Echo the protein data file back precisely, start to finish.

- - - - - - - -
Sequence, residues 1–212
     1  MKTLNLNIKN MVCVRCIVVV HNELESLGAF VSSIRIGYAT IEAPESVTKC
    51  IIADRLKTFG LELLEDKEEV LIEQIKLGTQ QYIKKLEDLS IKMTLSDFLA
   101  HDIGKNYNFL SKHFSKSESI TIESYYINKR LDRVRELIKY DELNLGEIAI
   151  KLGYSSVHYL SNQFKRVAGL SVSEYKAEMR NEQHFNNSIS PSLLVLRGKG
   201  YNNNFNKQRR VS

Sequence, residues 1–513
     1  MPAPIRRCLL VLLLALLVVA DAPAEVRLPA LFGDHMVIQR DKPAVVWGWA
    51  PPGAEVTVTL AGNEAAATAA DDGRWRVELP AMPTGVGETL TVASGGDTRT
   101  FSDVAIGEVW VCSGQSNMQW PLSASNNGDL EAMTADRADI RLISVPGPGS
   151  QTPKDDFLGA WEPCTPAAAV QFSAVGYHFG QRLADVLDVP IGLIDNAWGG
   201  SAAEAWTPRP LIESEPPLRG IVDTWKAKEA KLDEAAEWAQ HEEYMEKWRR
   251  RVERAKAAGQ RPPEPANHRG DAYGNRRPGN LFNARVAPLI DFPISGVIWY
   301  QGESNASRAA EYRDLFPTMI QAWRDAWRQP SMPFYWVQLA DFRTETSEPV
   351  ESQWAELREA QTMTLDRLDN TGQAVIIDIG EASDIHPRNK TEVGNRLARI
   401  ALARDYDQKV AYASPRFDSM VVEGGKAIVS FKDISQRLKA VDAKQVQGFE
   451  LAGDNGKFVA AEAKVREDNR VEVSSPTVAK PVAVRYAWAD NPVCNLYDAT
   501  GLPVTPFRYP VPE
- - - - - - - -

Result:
Sequence, residues 1–212
     1  MKTLNLNIKN MVCVRCIVVV HNELESLGAF VSSIRIGYAT IEAPESVTKC
    51  IIADRLKTFG LELLEDKEEV LIEQIKLGTQ QYIKKLEDLS IKMTLSDFLA
   101  HDIGKNYNFL SKHFSKSESI TIESYYINKR LDRVRELIKY DELNLGEIAI
   151  KLGYSSVHYL SNQFKRVAGL SVSEYKAEMR NEQHFNNSIS PSLLVLRGKG
   201  YNNNFNKQRR VS

Sequence, residues 1–513
     1  MPAPIRRCLL VLLLALLVVA DAPAEVRLPA LFGDHMVIQR DKPAVVWGWA
    51  PPGAEVTVTL AGNEAAATAA DDGRWRVELP AMPTGVGETL TVASGGDTRT
   101  FSDVAIGEVW VCSGQSNMQW PLSASNNGDL EAMTADRADI RLISVPGPGS
   151  QTPKDDFLGA WEPCTPAAAV QFSAVGYHFG QRLADVLDVP IGLIDNAWGG
   201  SAAEAWTPRP LIESEPPLRG IVDTWKAKEA KLDEAAEWAQ HEEYMEKWRR
   251  RVERAKAAGQ RPPEPANHRG DAYGNRRPGN LFNARVAPLI DFPISGVIWY
   301  QGESNASRAA EYRDLFPTMI QAWRDAWRQP SMPFYWVQLA DFRTETSEPV
   351  ESQWAELREA QTMTLDRLDN TGQAVIIDIG EASDIHPRNK TEVGNRLARI
   401  ALARDYDQKV AYASPRFDSM VVEGGKAIVS FKDISQRLKA VDAKQVQGFE
   451  LAGDNGKFVA AEAKVREDNR VEVSSPTVAK PVAVRYAWAD NPVCNLYDAT
   501  GLPVTPFRYP VPE